Technological Revolutions and Financial Capital

Technological Revolutions and Financial Capital

The Dynamics of Bubbles and Golden Ages

Carlota Perez

Technological Revolutions and Financial Capital presents a novel interpretation of the good and bad times in the economy, taking a long-term perspective and linking technology and finance in an original and convincing way.

Chapter 1: The Turbulent Ending of the Twentieth Century

Carlota Perez

Subjects: economics and finance, economics of innovation, evolutionary economics, innovation and technology, economics of innovation, technology and ict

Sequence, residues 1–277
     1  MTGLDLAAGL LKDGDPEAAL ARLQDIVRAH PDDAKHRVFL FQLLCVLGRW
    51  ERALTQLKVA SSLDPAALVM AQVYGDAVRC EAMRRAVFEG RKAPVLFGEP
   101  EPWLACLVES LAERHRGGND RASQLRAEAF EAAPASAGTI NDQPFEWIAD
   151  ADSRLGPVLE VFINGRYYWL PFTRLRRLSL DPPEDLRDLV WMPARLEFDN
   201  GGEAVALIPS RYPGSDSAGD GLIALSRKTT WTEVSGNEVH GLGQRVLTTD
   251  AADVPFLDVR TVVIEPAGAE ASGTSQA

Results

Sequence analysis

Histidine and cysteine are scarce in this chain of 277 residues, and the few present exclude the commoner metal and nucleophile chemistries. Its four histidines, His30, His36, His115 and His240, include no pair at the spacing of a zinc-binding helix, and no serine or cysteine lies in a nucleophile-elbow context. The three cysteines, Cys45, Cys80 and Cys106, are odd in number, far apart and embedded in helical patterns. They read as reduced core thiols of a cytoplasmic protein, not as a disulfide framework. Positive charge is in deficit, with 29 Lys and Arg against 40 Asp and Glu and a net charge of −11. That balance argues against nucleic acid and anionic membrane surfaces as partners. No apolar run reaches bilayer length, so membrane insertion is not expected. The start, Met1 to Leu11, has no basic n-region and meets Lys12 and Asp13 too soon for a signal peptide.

3 1. The Turbulent Ending of the Twentieth Century On a day like any other in November 1971, a small event in Santa Clara California was about to change the history of the world. Bob Noyce and Gordon Moore launched Intel’s first microprocessor, the precursor of the computer on a chip. It was the big-bang of a new universe, that of all-pervasive computing and digital telecommunications. Chips were powerful, they were cheap and they opened innumerable technological and business possibilities. At that time not many people had heard of venture capital or ‘angels’. Though many common citizens in the USA had stocks and bonds, few followed the daily changes in the stock market. The word ‘derivative’ was generally confined to mathematics. Most middle-class people kept their money in the bank or in the savings and loan society and the self-made millionaires, although a core element of the American dream, were few and far between. In the decades to follow, all this was to change radically. Millionaires would abound and finance was to become the central concern of people with old and new wealth. By the end of the 1990s, even people with modest salaries had turned into hopeful ‘investors’. Henry Ford had been the central character in a similar event in 1908. The low-cost Model-T, with its internal combustion engine powered by cheap gasoline, was the big-bang opening the world of the automobile and of mass production and mass consumption. By the mid-1920s, the New York Stock Market was perceived...

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